Since the beginning of the financial meltdown in 2007, more and more Americans are taking “staycations” (stay-near-home vacations), an obvious reflection of our nation’s continued economic woes.
Napa could be considered one of the Bay Area’s priciest travel destinations (even for a staycation), but still - you don’t have to skip a mortgage payment to enjoy a long weekend there.
With some helpful tips from locals who call the Valley home, here are 10 ways to save money while you’re in the heart of Wine Country.
1. “Locals Night” at the Oxbow Market - Located in downtown Napa, everything inside this market is decidedly upscale: from the gourmet cupcakes, to local organic produce, to specialty blends of herbs and spices. But every Tuesday night starting at 5 p.m., many of the eateries offer special deals, such as those at Kitchen Door - $5 for small plates from their snacks and bites menu, and $3.50 pints of draft beer.
2. Day hikes at Skyline Park - Everyone thinks of sampling varietals while they’re in Napa, but what about going for a hike on relatively untrammeled trails, where you can see wild turkeys, red-tailed hawks, and grazing deer? A reasonable $5/day usage fee gets you admission into the park, plus parking and a trail map.
3. Save on tasting fees – Going wine tasting can get pretty pricey when you’re paying $20 per tasting per person, especially if you end up not liking the wine. A way around that is to schedule an itinerary that includes the wineries you most want to visit, then simply purchase one tasting per winery...and share.
4. Save on corkage fees - Buy a bottle of wine at a Napa Valley winery, bring it with you to dinner, and some restaurants will waive the corkage fee. Checkers Restaurant and Flat Iron Grill in Calistoga, and Compadres and the Grill at Silverado in Napa, all have “no fee” policies, while many others charge only $5-$10. Considering the markup on wines at many dining establishments, you’ll come out way ahead on this one.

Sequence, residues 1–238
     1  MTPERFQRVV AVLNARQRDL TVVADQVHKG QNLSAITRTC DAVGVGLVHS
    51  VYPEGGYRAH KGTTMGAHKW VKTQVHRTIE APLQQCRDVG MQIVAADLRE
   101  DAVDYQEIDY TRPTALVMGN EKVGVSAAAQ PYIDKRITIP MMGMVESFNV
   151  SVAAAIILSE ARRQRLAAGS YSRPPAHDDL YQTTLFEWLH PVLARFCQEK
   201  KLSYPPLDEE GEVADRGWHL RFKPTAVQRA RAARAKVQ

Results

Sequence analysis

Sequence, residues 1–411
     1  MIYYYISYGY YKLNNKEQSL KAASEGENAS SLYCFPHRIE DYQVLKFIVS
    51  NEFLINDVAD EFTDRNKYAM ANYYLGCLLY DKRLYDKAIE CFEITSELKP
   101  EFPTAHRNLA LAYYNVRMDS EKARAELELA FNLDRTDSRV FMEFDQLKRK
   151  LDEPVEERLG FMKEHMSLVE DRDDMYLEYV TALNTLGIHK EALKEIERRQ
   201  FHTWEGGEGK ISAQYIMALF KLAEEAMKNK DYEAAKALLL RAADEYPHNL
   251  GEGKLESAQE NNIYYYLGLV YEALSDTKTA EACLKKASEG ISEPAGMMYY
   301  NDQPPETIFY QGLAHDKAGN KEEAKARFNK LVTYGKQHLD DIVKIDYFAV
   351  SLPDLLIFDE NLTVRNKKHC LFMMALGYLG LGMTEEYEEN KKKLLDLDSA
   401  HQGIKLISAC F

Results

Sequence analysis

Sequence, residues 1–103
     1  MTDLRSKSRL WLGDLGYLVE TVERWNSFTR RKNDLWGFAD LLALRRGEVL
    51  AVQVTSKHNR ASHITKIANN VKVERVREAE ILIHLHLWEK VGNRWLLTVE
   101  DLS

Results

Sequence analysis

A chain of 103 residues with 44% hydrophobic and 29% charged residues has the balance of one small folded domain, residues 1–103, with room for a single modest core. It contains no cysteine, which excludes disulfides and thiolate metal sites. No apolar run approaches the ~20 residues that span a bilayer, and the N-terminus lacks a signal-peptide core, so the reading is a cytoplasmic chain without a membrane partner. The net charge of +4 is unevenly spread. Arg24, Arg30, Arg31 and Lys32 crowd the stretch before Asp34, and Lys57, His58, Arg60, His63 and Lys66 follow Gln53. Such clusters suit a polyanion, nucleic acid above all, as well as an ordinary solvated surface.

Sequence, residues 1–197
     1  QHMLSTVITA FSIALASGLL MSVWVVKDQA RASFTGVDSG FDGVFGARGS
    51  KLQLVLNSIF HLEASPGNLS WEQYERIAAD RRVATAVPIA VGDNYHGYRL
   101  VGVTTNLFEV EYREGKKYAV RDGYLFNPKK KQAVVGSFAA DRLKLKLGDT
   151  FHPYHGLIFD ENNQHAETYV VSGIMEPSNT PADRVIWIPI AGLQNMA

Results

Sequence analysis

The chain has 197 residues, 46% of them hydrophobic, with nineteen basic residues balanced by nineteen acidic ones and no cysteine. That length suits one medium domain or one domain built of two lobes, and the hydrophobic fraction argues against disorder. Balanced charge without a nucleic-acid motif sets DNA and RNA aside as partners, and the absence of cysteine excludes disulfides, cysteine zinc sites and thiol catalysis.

5. Free shuttle to downtown Napa - Stay at the Meritage Resort and Spa, and you’ll have the services of a free shuttle to-and-from downtown. The 28-passenger van delivers guests to restaurants, tasting rooms, and theaters in the downtown corridor, which means you can leave the late-night driving to someone else.
6. Get a hefty credit towards a wine purchase - At Long Meadow Ranch, $10 of your $15 tasting fee (or 66.6%) goes toward the purchase of any of their bottles of wine. The winery’s tasting room is located at the historic Logan-Ives House, a restored Gothic revival farmhouse built in 1874.
7. Free doggie daycare - More than 10 wineries along the Silverado Trail are dog-friendly, but at Raymond winery, they lay out the welcome mat just a little bit further. Outdoors, in the Theater of Nature (the onsite, organic garden), Frenchie’s is a dog kennel with panache: Dogs are welcome to hang out in the beds crafted of wine barrels, while their owners can check up on them via “doggie cams” when they’re inside the tasting room. www.frenchiewinery.com
8. Free eye candy at Darioush - Designed to imitate Persia’s legendary Persepolis palace (which was built in the 6th-century B.C.), this eye-popping winery was founded by Darioush Khaledi, who grew up in Shiraz, Iran, one of the country’s wine-growing regions. Stop for a photo op in front of the symmetrical columns that line the pathway to the entrance, then head inside and check out the bedazzling interior tasting room. www.darioush.com
9. Download coupons for special savings - Wine Country This Week is a publication devoted exclusively to the area. You can pick up a copy of it in a variety of locations, but if you log on to their website (www.winecountrythisweek.com/deals), you’ll find a host of discount coupons you can print out and take with you, such as 2-for-1 tastings, reduced-rate wine tours, or specially-priced mud treatments. Also check out the packages and coupons on our website.
10. Enjoy eating in the great outdoors - Why eat “in” all the time? Have a picnic on the gorgeous grounds of V. Sattui Winery, where you can choose from a variety of delectable (and affordable) dishes from their onsite deli and wine shop. The picnic grounds are popular for a reason, including the shade provided by their 250-year-old giant oak trees.
—By Erin Caslavka
Erin Caslavka previously worked as a staff writer for AAA. Currently a freelancer, she writes for (among others) the San Francisco Chronicle, Connect, various AAA publications, and the website ArkandTent.com.